Managing Pain After Surgery
If you experience any pain after surgery, be sure to tell your health care provider right away. Don't wait until the pain becomes severe.
Medications for Pain
There are a variety of pain medications that your health care provider may recommend to ease your discomfort. These medications can range from over-the-counter products, such as acetaminophen (Tylenol) or ibuprofen (Advil, Motrin, etc.), to prescription medications.
How Medications for Pain are Given
Medication for pain can be given orally in a pill form, intravenously through the vein (IV), or by injecting the muscle (IM). Also available is PCA (patient-controlled analgesia), which is a pump that allows you to give yourself controlled doses of pain medication through your IV.
Tips for Taking Pain Medications
- Tell your health care provider about all prescription and over-the-counter medications that you take, including all vitamins, minerals and herbal supplements. Tell him or her if you have allergies to any food or medications.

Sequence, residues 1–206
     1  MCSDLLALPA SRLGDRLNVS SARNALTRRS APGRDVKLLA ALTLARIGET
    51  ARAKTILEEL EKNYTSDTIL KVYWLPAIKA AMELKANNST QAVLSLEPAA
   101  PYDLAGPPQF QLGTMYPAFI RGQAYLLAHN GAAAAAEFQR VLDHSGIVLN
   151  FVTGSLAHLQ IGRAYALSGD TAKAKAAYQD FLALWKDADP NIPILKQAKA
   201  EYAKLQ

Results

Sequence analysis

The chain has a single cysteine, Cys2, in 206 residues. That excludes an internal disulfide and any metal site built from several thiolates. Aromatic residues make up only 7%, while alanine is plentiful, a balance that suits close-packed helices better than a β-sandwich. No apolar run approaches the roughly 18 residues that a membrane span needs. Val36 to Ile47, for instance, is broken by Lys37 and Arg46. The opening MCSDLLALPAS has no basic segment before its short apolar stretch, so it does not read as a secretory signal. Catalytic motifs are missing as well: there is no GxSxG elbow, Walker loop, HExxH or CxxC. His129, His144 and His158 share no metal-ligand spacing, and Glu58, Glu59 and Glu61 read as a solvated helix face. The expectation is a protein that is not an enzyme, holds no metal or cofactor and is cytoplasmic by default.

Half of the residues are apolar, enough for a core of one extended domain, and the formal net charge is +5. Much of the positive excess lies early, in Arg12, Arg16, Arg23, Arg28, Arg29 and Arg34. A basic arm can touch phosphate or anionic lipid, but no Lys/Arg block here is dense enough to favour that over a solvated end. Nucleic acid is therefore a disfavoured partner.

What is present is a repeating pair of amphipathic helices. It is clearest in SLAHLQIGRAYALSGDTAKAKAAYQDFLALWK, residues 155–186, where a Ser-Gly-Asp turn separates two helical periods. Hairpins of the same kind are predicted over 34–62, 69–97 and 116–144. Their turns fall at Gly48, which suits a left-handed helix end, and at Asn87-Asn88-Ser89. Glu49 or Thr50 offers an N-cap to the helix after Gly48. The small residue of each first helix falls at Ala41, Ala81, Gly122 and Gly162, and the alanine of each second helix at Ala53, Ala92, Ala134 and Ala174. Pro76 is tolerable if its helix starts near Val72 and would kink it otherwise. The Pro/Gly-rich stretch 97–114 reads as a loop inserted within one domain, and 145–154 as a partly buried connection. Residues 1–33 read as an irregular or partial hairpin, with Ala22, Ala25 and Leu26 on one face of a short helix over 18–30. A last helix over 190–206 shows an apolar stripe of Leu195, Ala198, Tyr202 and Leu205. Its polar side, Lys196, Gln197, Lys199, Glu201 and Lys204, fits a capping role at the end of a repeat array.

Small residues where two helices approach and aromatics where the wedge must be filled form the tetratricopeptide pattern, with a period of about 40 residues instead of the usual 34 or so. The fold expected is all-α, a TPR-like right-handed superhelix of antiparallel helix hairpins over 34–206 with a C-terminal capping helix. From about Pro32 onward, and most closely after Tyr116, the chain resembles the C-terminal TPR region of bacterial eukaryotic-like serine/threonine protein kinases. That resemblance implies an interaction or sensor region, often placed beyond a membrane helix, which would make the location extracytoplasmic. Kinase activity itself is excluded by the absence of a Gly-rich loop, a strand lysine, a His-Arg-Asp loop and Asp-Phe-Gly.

- Tell your health care provider if you drink alcohol. Alcohol can cause dangerous interactions with many medications.
- Always take your medications as directed. Be sure to take the correct dose at the right times. This can help ward off pain before it starts.
- Don't stop taking your medication or adjust the dose without first discussing it with your health care provider.
- Talk with your health care provider about possible side effects and how to manage them.
Other Ways to Manage Pain
- Distraction - For example, talk with a loved one, read a book, call an old friend or rent a good movie.
- Relax - Take part in relaxation methods and massage.
- Change Positions - For example, if you're lying down, sit up.
Describing Your Pain
The questions below may help you learn how to best describe your pain to your health care providers. This can help ensure that you receive the proper treatment for it.
- When do you feel pain?
For example, do you have steady pain, or do you feel pain only with certain activities?
- On a scale of 0-10, what number would you use to describe your pain?
(0 no pain; 10 very severe pain)
- What words would you use to describe your pain?
For example, is it stabbing, burning, heavy or throbbing?
- What makes your pain better or worse?